Perhaps "something else" is simply trust. In other words, not a mere recognition that X is true but adherence of the will to that truth. Under nominalist presuppositions, that sure sounds like a work to me, i.e., something you do to appropriate salvation. For Catholics (who believe that faith = trust in the truth of God), this isn't a problem because we see the faith/works distinction as kind of bogus.

Faith and works are inextricably intertwined, in much the same way that a man is inseparable from his legs. True, a man doesn't need legs to be a man (i.e., he'd still be a man if he lost them or was born without them), but that doesn't mean his legs are something else (and it certainly doesn't mean his legs are irrelevant and that he should cut them off). If you see a man standing on the street corner, you wouldn't say "Hey, see that man over there, standing on top of that pair of unsevered legs?" That'd be silly. The legs are him. They are a natural and logical fulfillment of him. To be a man is to (normatively) have legs.

Really, let's zoom out the lens a little. For me, "to be" and "to be a man" are the same thing. You cannot separate my being from my being a man, except etymologically. Being a man is the mode of my being. And so "works" are the mode of faith, the way that faith is actualized in our life. That means prayer, worship, the sacraments, etc. You can't separate them, again, except etymologically (and even then, not without introducing problems like the one mentioned above).
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  #4  
Old Jun 26, '12, 8:18 am
jschutzm jschutzm is offline
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Default Re: Is this heresy?

Quote:
Originally Posted by Gethsemane View Post
I was recently considering different ways in which I might combat those of the view that it is faith alone that saves us, and that a turning away from sin is not necessary therefore, to be saved, since this is viewed as working ones salvation out instead of simply having faith.
I haven't YET ran into a Protestant which would say that one doesn't have to turn away from sin. That perhaps sounds more along the lines of an extreme form of Once Saved Always Saved (OSAS) but even those who believe in that typically involve 'works' in a sorta backward kinda way.

They will often say that if one TRULY has faith, then they will of course, produce works, because works are the fruit of the Holy Spirit dwelling within them. And that if a person does NOT have any good deeds..then their faith is not genuine and they aren't a "TRUE Christian"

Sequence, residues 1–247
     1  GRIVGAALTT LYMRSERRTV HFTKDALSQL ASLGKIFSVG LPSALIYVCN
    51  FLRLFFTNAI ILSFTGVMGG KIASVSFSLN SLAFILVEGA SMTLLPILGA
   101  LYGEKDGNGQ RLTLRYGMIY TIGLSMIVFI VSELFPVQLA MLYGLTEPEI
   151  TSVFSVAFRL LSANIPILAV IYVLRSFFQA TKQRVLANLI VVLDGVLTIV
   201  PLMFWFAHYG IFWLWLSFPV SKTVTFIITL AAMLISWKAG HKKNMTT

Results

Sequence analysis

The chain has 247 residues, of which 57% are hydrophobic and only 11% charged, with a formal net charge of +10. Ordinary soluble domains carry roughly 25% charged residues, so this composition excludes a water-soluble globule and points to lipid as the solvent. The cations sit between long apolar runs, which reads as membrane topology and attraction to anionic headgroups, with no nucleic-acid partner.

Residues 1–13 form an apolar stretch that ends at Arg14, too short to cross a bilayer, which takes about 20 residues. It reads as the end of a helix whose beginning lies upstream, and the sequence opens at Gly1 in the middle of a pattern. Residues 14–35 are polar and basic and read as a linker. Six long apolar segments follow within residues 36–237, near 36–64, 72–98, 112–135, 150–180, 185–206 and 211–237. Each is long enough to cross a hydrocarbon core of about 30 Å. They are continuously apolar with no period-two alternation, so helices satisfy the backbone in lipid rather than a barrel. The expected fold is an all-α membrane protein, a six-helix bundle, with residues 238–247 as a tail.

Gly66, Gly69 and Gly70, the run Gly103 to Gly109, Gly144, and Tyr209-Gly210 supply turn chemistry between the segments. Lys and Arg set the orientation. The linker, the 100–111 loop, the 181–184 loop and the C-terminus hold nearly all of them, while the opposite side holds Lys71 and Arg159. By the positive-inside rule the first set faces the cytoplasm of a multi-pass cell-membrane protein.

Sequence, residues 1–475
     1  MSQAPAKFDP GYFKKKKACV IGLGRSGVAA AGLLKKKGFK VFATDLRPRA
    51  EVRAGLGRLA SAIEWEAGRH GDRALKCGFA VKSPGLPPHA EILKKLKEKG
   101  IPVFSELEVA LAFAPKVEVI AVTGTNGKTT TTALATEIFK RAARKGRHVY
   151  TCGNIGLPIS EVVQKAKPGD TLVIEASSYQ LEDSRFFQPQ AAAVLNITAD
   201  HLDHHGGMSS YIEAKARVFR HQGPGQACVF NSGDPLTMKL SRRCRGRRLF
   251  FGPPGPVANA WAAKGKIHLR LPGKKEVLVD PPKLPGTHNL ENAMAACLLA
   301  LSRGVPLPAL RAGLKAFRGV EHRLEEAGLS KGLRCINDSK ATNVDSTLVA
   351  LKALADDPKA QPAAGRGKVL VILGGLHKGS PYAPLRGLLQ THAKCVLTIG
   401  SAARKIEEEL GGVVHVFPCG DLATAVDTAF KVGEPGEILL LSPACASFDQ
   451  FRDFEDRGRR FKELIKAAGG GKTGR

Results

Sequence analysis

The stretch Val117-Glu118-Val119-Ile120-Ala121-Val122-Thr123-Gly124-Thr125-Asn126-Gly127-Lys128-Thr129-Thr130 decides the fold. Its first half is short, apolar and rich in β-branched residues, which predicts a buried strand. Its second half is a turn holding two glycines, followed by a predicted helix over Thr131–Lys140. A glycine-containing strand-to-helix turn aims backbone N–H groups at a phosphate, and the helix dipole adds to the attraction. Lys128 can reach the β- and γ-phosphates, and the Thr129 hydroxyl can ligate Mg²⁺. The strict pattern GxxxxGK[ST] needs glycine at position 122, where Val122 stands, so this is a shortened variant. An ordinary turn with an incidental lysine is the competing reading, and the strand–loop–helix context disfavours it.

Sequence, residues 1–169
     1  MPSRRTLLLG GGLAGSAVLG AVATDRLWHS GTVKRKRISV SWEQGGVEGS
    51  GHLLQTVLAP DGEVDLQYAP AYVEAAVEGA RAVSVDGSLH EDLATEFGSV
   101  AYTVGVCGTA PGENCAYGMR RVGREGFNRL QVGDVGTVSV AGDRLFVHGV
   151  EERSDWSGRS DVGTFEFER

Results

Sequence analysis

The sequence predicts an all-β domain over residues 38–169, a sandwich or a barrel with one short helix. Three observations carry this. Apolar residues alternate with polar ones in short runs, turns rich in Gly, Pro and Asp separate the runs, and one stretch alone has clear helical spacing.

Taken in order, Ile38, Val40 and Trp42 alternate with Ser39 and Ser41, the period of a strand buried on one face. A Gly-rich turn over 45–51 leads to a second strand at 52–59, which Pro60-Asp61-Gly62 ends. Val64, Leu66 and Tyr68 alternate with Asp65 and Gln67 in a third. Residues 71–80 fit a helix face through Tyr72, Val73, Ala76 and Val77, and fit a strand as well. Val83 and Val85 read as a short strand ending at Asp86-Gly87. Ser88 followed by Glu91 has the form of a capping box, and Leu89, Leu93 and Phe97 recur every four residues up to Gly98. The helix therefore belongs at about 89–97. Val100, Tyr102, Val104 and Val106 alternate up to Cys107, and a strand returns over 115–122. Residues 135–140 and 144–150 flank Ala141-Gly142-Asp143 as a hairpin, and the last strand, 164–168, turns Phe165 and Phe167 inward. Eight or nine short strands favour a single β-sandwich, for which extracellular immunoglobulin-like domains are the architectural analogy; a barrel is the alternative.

So I have yet to find a Protestant who doesn't in one way or another, either using the backdoor or the side door... make room for works, even though they do their best to downplay them.

Quote:
Originally Posted by Gethsemane View Post
I came up with a new response that is a departure from ones typical response to this. In this hypothetical situation, I would argue that we are saved by neither faith nor works. That it is Christ's sacrifice on the Cross for all our sins that ultimately saves us. We choose whether we accept or reject this sacrifice. Should we accept it, then we are called to believe (faith), and if we really believe then it will follow from our faith that we do good works.
.............

If it helps.. I've heard it put this way....


We are saved through grace (avoid "grace alone" but definitely emphasize 'through grace')
Q: What is Grace?
A: An undeserved gift

Q: What is one thing we know universally about gifts?
A: They must be accepted...they can not be forced, or else they are not a gift.

Q: What is involved in 'accepting' something?
A: Responding positively in some way, shape, or form.

Therefore, Grace requires a 'response' from the individual in order to be received. - This is important for the Protestant to agree with, because then it flows naturally for mankind to try and determine HOW exactly, one responds.
By a mere intellectual assent (knowledge)? A one time decision? A spiritual faith and nothing else? By deeds alone but never actually acknowledging it? HOW?

If we merely believe.. but don't actually LIVE by the teachings of Christ, then we could be accused of being a hypocrite or like the Pharisees. If we do all the right things but never actually acknowledge the gift, then we are arrogant and like a person who acts like everything is OK, but never says they are sorry.